clock menu more-arrow no yes mobile

Filed under:

5 tiny houses we loved this week: from the radically minimalist to the totally tricked out

New, 2 comments

Including a rad shipping container conversion for sale

Another week, another fresh crop of tiny house news. Here, we catch you up on the standout projects you should know.

When your favorite micro home trends collide, you get this shipping container converted into a polished tiny house. Designed by Missouri-based Custom Contain Living, this 312-square-foot dwelling dedicates about a third of the original 40-foot container to a new covered porch. The relatively spacious interior, dressed up in warm furnishings barn wood paneling and birch cabinets, can fit a standard five-foot tub/shower unit, combo washer/dryer, and full-size dishwasher. It’s asking $47,900.

Built by a students from Santa Clara University, the 238-square-foot rEvolve House rEvolve House just took the top honor at a first-of-its-kind tiny house competition for college students in California. The house runs on eight 330w solar panels and can rotate to follow the sun and maximize solar efficiency. Inside, there’s a kitchen with a seating bench and fold-down table, 35-square-foot wet room with a dry-flush toilet, built-in shelving, and an elevated living/sleeping area with a Murphy bed. There’s also a roof deck accessible via a spiral staircase.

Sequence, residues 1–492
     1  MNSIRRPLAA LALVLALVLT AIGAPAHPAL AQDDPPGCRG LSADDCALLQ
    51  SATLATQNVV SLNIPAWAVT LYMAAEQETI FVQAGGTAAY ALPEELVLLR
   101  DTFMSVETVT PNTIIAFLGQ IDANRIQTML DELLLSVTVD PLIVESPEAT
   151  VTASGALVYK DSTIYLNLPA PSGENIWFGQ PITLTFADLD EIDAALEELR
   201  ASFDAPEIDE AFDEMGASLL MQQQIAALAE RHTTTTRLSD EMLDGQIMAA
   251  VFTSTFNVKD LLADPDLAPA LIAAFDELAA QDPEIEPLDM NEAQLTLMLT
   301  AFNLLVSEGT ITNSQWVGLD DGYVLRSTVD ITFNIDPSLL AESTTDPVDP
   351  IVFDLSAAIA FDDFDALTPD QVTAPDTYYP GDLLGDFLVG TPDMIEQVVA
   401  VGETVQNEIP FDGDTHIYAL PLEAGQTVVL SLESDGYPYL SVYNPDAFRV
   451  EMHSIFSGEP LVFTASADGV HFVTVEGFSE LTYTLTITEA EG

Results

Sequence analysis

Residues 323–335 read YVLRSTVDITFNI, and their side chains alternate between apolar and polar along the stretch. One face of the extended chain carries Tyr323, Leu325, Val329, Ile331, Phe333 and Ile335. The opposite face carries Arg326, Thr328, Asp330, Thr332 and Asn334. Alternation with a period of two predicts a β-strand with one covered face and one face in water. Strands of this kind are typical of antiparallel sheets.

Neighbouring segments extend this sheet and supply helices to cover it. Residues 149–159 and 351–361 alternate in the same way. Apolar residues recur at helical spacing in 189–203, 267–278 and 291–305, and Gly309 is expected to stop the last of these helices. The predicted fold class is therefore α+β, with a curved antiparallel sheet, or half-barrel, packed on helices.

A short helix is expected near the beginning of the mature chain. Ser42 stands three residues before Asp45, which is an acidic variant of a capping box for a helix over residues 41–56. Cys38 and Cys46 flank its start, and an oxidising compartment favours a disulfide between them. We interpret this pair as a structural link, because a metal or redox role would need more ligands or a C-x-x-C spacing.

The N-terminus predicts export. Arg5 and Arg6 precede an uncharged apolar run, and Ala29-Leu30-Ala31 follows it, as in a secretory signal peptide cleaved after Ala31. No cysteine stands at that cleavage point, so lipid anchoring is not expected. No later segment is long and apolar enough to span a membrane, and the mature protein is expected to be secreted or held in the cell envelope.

Designed as a backyard writer’s cabin, this gabled "Enchanted Shed" by Vienna firm Sue Architekten this 322-square-foot blackened timber retreat can be entered via a ladder and up through a hatch in its floor. It’s definitely got a cooler look than conventional tiny house on wheels. And while it doesn’t have a bathroom or kitchen right now, it’s easy to imagine installing them on the lower level, currently used to store garden equipment.

This 340-square-foot off-grid tiny house built by Canadian green living blog Greenmoxie had us at the drawbridge deck. The house uses a slew of reclaimed materials for everything from the barn wood ceiling and bathroom barn door to windows and light fixtures. The tiny house’s eco-friendly cred can be found in the 1 kW solar PV system with 11 kW storage capacity, a roof water recovery system, and low-voltage LED lighting as well.

Designed by famed Japanese architect Kengo Kuma for outdoors brand Snow Peak, this all-wood tiny house with streamlined LED lights is perfect for minimalist nomads. Now, this project might seem a bit extreme with its radically pared-back ethos, but rest assured it’s still a work in progress. More elements will be added in the future.